PENGUINS FALL IN GAME FIVE, 2-1


BOXSCORE

WILKES-BARRE, Pa. – Zane McIntyre made 50 saves and Danton Heinen tallied twice, as the Providence Bruins defeated the Wilkes-Barre/Scranton Penguins, 2-1, in Game Five of the Atlantic Division Semifinal on Sunday afternoon.

With that result, the Penguins postseason came to an end, while the Bruins will face the winner of the Hershey Bears – Lehigh Valley Phantoms series in the Atlantic Division Final.

Even though the Penguins outshot the Bruins 21-9 in the first period, they found themselves in a 1-0 hole at the close of the first 20 minutes. After a too many men on the ice penalty, Providence quickly took advantage with Heinen scoring a power play goal at 12:37 of the first.

Heinen notched his second goal of the game 13 minutes into the third period, giving him an AHL-leading four goals in the playoffs.

Wilkes-Barre/Scranton cut Providence’s lead in half thanks to a man advantage marker of its own. Jean-Sébastien Dea did the honors, rifling a shot so hard into the top corner that the puck got stuck between the mesh and back bar. Dea’s goal came with 5:23 remaining in regulation and on the Penguins’ 47th shot of the afternoon.

Despite the Penguins continuing the barrage of shots on McIntyre, the equalizer never came, effectively ending the team’s season.

The Penguins’ power play finished the contest going one-for-six, while their penalty kill nullified two of the Bruins’ three man advantage opportunities.

Casey DeSmith posted 24 saves in the loss.

PENGUINS PLAYOFF NOTEBOOK – April 29, 2017


It all comes down to this.

The Wilkes-Barre/Scranton Penguins and Providence Bruins meet in a decisive Game Five on Sunday afternoon at the Mohegan Sun Arena.  The winner moves on to the Atlantic Division Finals.  The loser is done for the season.

But if history is any indicator, the Penguins are in a good position to move on.


BEST-OF-FIVE

The Penguins have played in seven best-of-five series prior to this season, and have gone 6-1 in those playoff rounds.  Two of those series went the distance, with Wilkes-Barre/Scranton winning on both occasions.

The team’s very first appearance in the Calder Cup postseason came against the Syracuse Crunch in the 2001 Western Conference Quarterfinal.  Similar to this season, the Pens posted wins in Games Two and Three, before recording a 6-2 victory in Game Five on home ice.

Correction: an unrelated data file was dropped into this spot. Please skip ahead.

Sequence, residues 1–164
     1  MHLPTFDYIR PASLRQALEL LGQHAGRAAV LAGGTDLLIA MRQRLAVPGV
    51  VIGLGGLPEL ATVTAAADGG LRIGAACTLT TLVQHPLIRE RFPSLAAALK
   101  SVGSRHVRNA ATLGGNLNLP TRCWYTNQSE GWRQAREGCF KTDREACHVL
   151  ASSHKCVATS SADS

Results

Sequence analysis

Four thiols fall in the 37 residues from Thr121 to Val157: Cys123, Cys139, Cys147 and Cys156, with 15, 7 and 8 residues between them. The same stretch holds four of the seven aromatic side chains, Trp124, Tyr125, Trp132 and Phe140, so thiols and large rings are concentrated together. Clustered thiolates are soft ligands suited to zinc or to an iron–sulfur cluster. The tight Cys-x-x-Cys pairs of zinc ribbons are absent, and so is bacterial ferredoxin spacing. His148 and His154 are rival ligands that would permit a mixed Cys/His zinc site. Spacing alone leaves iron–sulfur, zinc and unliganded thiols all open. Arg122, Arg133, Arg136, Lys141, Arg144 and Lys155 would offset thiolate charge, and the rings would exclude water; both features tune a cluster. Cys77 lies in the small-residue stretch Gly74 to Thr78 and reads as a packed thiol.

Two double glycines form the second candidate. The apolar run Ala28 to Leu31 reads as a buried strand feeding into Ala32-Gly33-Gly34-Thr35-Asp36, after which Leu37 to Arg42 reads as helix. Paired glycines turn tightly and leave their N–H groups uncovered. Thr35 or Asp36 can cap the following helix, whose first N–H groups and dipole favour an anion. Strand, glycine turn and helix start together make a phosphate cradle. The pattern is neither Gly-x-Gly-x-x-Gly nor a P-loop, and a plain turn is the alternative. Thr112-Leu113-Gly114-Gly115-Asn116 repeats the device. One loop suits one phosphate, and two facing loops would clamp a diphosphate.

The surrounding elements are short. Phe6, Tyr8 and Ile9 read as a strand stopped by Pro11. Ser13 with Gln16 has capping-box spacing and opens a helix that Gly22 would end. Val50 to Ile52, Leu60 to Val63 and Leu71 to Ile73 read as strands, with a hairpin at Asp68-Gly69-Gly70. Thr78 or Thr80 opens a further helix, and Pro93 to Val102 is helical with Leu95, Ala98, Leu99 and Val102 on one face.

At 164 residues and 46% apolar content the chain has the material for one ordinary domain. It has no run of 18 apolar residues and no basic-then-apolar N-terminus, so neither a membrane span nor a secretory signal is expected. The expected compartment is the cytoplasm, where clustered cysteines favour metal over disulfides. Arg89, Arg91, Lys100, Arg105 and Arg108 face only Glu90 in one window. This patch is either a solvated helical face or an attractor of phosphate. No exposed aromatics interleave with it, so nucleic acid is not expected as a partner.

The only other best-of-five to go five games came in 2012, when the Penguins jumped out to a 2-0 lead over the Hershey Bears, dropped Games Three and Four at the Giant Center, before pulling out a 2-1 win in Game Five back home.

The lone time the Pens failed to win a best-of-five series was back in 2003, when they fell to the Grand Rapids Griffins, 3-1, in the Western Conference Quarterfinal.

The Penguins have posted first-round, best-of-five wins in each of the past five postseasons (2012 vs Hershey; 2013 and 2014 vs Binghamton; 2015 vs Syracuse; and 2016 vs Providence).


IN GAME FIVE

The Penguins have an all-time record of 17-10 in Game Fives, including a 10-4 mark on home ice, and an 8-1 record in first round series.

The only first round, Game Five loss for the team came on April 26, 2006, when the Bridgeport Sound Tigers defeated the Penguins, 3-2, in overtime.  Wilkes-Barre/Scranton went on to capture Games Six and Seven to advance to the East Division Final.


WITH A CHANCE TO CLINCH/WHEN FACING ELIMINATION

Following Friday night’s game, the Penguins have an all-time record of 22-14 when they have a chance to clinch a playoff series, and a 15-4 mark in such games on home ice.  Wilkes-Barre/Scranton won the previous three series when the team failed to clinch on home ice (201 Western Conference Semifinals vs. Syracuse; 2004 Eastern Conference Final vs. Hartford; 2014 Eastern Conference Semifinal vs. Providence).

The Penguins are 24-15 all-time when facing elimination, and 16-5 on home ice.


Individual tickets for Sunday afternoon’s Game Five are available at the Mohegan Sun Arena box office, online at TicketMaster.com, or by calling 570-208-7367.

PENGUINS PLAYOFF NOTEBOOK – APRIL 26


The Wilkes-Barre/Scranton Penguins got a bit of a boost prior to Game One of their Calder Cup playoff series against the Providence Bruins, when Josh Archibald, Tom Sestito and Cameron Gaunce were reassigned to the AHL club by the Pittsburgh Penguins.

Archibald tallied a pair of goals (including the equalizer to force OT) in the Game Two win; Sestito picked up his first of the playoffs in the same contest; and Gaunce logged considerable time on the blue line, as the Penguins split the weekend series in Providence.

“It feels really good to be back with everybody here.  We had a special season, so hopefully we can do something special here in the postseason,” said Archibald, who spent the previous three weeks in Pittsburgh.

The speedy forward didn’t make an appearance in Pittsburgh’s first round Stanley Cup series against the Columbus Blue Jackets, but said the experience of just being around a team in the hunt for the trophy was a positive.

“It’s just more of being in that environment, being around those guys.  Look what they did last year.  They’re winners up there,” he said.  “So to be able to take away from what they do and learn from them, it’s definitely a huge experience.  It’s a good experience for me.”

Sestito had been with the NHL club since March 8, but sat out considerable time due to an upper body injury.  He dressed for Pittsburgh’s final two regular season games, before rejoining Wilkes-Barre/Scranton for their playoff run.